Dog ownership could be linked to anxiety and depression

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It is often believed that a close relationship between owners and their dogs can bring many mental health benefits to owners, but findings from a new study paint a more complicated picture.

Scientists from the University of Liverpool found that a stronger dog–owner relationship was associated with greater feelings of emotional support and companionship but poorer levels of anxiety or depression.

The research is published in Frontiers in Psychology and was conducted by Dr. Carri Westgarth et al.

In the study, the researchers surveyed 1,693 adult dog owners in the UK to examine whether dog owners with stronger relationships with their dogs experience better mental health.

They found positive impacts on owner well-being and happiness through providing purpose, companionship and self-acceptance, pleasure and distraction, as well as lessening emotional pain and suffering.

For example, dogs were mentioned as a useful aid for dealing with mental health symptoms, such as suicidal thoughts.

However, negative impacts of a strong relationship included anticipatory grief over the loss of the dog and concerns regarding the burden of responsibility and ability to meet the dog’s needs.

The researchers found that it was this perceived ‘burden’ of dog ownership that was most closely associated with owners’ mental well-being.

A lower perceived burden was beneficially associated with all mental health outcomes, including lower anxiety and depression, and also was found to be important in our qualitative explorations.

So it is important for future research and practical interventions to address issues that lead to a sense of burden created by owning and caring for a dog.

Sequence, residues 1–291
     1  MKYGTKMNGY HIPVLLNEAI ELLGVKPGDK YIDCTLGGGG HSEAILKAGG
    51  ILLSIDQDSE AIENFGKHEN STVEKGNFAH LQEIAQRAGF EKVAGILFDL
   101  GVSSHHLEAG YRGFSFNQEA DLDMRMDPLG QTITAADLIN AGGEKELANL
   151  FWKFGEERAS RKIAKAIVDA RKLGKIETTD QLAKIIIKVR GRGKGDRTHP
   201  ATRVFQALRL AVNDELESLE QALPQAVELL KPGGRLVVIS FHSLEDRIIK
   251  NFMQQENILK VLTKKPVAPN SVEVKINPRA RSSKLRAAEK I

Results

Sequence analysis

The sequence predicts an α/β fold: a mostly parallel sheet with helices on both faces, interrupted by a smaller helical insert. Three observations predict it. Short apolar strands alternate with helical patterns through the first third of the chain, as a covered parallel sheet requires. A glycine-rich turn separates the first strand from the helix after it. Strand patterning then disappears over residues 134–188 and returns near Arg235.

While further research is needed, the authors suggest that ensuring the right help is in place for owners is the key to a healthy dog–owner relationship that supports owner’s mental well-being.

This includes access to affordable veterinary care and dog training, walking, and boarding services, access to pet-friendly housing and dog-supportive environments, and mental health support for people who may be struggling with anticipatory grief or who may have recently lost a pet, particularly for those with limited social support.

If you care about depression, please read studies about 5 things people with depression secretly do alone, and this therapy is more effective than ketamine in treating severe depression.

For more information about depression, please see recent studies about 9 warning signs you may have severe depression, and results showing this drug can swiftly reduce depression and suicidal thoughts.

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